Tell them that instead of fighting and losing a friend they can offer to take turns with the toy. Or show them another toy that is just as appealing so that they can play together. Encourage your child to talk before acting. If need be, tell them that walking away from a situation to “cool down” and then come back to the situation.

10-12 years of age

My favorite ages, because by now your child is able to understand their own feelings. Which means when they behave a certain way you can ask them why they acted that way. This is important for two reasons. One you get to understand the reason behind a behavior and second they get to see what caused them to do what they did so that you can talk about it. Offer a more positive way to handle what they were feeling so that a more desirable outcome could’ve been achieved. This is where you want to stress that it is important to think about what you are going to do before you do it. I should clarify this, they need to understand how to think about the consequences to their actions.

13-17 years of age

I am enjoying this age group as well. By now your child should be able to control most of their actions and behaviors. But now they have the added pressure of the peers. This is where it is vitally important that you have established an open relationship with your child. You want them to talk to you about what is going on in their lives, situations they run into, what their friends are like. While you hope that your child knows what is acceptable and what isn’t, it is completely different when they are surrounded by their friends. So when it comes to issues of self control your child has to be able to think about the consequences of their actions long term. Not what is going to happen when they get home and you find out, but what does this mean to them for the next year… or two or three.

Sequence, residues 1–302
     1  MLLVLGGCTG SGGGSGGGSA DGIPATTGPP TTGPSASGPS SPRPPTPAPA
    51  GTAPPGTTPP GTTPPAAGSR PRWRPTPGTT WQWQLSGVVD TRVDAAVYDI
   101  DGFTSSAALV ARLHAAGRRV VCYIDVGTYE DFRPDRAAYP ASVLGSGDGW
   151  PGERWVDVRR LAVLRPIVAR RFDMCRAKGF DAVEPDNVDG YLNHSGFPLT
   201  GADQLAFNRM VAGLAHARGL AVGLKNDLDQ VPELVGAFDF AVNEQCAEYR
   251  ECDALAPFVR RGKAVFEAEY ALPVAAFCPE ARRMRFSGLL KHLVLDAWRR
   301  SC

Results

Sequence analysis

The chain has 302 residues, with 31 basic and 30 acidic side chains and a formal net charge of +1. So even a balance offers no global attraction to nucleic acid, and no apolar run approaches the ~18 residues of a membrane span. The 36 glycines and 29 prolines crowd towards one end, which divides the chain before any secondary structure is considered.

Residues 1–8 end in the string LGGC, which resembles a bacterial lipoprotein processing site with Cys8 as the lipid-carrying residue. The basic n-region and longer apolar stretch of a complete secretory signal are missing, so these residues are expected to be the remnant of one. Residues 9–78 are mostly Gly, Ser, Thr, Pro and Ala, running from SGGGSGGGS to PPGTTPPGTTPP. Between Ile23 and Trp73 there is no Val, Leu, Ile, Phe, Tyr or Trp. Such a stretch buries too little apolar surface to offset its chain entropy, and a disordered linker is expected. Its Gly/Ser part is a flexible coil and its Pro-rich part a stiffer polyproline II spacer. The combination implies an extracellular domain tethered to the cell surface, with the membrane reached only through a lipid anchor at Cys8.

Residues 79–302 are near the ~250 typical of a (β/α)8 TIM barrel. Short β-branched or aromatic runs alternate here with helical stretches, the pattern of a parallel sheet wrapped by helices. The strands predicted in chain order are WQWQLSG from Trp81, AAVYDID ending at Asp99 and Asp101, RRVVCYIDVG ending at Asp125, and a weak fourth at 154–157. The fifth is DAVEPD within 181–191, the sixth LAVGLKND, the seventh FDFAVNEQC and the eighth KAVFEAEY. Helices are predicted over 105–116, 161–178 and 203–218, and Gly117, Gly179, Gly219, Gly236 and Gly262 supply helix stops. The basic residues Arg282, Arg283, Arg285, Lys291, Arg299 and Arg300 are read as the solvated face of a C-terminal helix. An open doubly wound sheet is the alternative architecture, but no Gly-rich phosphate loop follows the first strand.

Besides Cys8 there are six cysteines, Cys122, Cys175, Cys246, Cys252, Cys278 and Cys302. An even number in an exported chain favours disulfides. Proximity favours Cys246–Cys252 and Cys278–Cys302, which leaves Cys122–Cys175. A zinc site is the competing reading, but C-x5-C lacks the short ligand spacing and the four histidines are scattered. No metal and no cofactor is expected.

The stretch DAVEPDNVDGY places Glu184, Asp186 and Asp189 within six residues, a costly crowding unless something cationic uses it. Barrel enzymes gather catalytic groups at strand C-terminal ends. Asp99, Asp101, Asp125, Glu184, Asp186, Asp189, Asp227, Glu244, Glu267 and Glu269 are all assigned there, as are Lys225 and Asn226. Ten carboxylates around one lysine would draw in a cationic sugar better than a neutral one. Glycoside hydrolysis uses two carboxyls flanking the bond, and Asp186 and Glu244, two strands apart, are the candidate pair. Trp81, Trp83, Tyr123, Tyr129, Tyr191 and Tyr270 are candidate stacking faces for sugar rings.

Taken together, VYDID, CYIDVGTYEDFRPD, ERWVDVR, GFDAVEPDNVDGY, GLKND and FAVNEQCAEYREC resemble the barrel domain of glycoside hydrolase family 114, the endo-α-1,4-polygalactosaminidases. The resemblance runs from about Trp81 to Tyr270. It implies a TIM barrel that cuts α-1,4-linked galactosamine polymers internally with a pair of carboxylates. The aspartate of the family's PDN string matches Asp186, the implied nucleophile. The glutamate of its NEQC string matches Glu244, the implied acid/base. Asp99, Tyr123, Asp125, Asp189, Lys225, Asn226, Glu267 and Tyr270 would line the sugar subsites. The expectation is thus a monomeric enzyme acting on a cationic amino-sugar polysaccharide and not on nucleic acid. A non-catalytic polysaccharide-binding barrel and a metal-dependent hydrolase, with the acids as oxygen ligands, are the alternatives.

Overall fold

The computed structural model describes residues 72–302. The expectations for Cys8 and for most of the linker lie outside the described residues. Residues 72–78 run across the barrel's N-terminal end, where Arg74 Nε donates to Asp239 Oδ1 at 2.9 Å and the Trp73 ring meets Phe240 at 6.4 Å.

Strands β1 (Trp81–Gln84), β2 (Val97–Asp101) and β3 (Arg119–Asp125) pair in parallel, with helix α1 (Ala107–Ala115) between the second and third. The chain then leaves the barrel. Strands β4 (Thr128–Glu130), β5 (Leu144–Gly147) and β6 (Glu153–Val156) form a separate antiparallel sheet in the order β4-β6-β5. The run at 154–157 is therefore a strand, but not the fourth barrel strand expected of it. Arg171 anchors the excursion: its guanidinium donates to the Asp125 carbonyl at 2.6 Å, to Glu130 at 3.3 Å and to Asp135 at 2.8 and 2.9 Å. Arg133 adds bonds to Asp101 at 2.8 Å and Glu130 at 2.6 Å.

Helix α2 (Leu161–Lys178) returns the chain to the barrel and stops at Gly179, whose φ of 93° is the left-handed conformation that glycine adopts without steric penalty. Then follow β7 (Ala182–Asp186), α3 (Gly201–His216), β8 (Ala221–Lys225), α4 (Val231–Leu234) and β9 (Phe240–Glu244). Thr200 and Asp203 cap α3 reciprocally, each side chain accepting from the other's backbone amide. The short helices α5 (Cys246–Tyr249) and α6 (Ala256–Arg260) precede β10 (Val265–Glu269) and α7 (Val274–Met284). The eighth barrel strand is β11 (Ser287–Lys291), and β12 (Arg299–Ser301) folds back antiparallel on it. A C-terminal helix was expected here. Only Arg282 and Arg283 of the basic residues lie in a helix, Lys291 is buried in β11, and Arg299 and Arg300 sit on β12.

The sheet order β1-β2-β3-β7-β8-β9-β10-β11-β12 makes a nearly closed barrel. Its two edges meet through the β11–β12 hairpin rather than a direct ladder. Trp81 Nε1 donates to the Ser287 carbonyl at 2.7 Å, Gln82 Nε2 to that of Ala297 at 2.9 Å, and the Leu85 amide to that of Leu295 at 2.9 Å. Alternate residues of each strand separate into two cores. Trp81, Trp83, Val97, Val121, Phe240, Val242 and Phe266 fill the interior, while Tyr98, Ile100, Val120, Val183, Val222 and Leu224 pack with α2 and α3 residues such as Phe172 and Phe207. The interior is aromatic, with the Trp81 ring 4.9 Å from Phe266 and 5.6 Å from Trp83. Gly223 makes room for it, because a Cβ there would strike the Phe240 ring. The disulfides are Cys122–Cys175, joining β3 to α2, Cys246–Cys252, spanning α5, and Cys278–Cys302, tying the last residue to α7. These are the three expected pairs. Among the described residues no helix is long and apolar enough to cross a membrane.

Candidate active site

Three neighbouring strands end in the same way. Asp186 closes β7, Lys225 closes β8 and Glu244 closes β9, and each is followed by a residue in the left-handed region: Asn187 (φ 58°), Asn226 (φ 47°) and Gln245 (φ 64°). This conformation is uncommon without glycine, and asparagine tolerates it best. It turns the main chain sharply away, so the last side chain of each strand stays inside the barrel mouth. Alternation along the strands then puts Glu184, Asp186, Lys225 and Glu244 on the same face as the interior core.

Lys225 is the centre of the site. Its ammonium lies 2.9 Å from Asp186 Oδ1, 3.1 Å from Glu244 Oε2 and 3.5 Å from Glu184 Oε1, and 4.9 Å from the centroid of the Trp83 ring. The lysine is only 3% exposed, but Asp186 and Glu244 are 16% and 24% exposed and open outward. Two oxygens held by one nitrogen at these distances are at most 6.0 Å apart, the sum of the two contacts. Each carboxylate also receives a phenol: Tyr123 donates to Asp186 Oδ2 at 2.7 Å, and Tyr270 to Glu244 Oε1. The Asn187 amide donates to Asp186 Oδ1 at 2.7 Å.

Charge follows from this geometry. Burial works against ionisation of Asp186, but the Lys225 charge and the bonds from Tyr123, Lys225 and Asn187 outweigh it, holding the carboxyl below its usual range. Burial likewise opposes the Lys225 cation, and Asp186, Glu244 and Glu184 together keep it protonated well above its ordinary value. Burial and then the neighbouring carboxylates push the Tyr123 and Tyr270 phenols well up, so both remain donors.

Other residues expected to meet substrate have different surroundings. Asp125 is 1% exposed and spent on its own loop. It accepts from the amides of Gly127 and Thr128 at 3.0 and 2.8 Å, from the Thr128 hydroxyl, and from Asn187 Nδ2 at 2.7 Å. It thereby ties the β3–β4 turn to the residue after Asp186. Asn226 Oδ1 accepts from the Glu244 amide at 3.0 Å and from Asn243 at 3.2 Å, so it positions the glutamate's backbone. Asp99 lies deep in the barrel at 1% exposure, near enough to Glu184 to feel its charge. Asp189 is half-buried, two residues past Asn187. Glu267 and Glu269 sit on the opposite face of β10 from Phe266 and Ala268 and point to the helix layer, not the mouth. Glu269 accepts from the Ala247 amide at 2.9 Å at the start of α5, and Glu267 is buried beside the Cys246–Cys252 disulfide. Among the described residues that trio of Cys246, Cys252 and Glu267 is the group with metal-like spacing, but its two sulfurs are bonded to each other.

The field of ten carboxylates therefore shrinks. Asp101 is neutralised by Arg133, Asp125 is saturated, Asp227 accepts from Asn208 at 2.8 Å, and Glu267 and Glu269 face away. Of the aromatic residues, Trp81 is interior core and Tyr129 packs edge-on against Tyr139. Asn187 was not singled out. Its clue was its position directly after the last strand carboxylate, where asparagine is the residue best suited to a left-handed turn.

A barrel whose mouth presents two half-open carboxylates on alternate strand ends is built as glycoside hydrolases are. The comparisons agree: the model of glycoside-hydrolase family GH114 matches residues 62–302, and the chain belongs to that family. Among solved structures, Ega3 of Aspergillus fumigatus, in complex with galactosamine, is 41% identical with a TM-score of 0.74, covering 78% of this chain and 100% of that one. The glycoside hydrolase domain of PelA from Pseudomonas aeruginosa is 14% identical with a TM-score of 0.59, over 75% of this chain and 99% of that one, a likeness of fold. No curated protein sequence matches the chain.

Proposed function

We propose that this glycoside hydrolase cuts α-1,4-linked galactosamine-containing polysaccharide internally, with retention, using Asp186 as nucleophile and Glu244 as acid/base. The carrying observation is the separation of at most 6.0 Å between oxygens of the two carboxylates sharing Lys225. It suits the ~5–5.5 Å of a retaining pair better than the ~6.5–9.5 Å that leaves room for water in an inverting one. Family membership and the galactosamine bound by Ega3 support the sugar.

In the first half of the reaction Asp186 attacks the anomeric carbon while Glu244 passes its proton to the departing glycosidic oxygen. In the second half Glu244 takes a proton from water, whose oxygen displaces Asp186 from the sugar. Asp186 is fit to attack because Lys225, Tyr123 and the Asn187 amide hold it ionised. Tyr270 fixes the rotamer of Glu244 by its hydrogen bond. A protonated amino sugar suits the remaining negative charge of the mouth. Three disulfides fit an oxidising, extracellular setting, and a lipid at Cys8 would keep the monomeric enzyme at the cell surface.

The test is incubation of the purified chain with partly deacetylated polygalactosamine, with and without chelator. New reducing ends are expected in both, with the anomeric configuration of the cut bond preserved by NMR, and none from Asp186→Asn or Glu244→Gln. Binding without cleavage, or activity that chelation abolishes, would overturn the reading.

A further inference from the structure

The underlying theme to teaching self control at any age is that children have to learn and know that there are consequences to their actions. Both good and bad consequences, but consequences. Your job as a parent is to teach them how to obtain more positive consequences then negative ones. Which means you need to pay attention to your child, know your children and follow through on what you are trying to teach them.

Biography
Jennifer Shakeel is a writer and former nurse with over 12 years medical experience.  As a mother of two incredible children with one on the way, I am here to share with you what I have learned about parenting and the joys and changes that take place during pregnancy. Together we can laugh and cry and rejoice in the fact that we are moms!

No part of this article may be copied or reproduced in any form without the express permission of More4Kids Inc © 2009 All Rights Reserved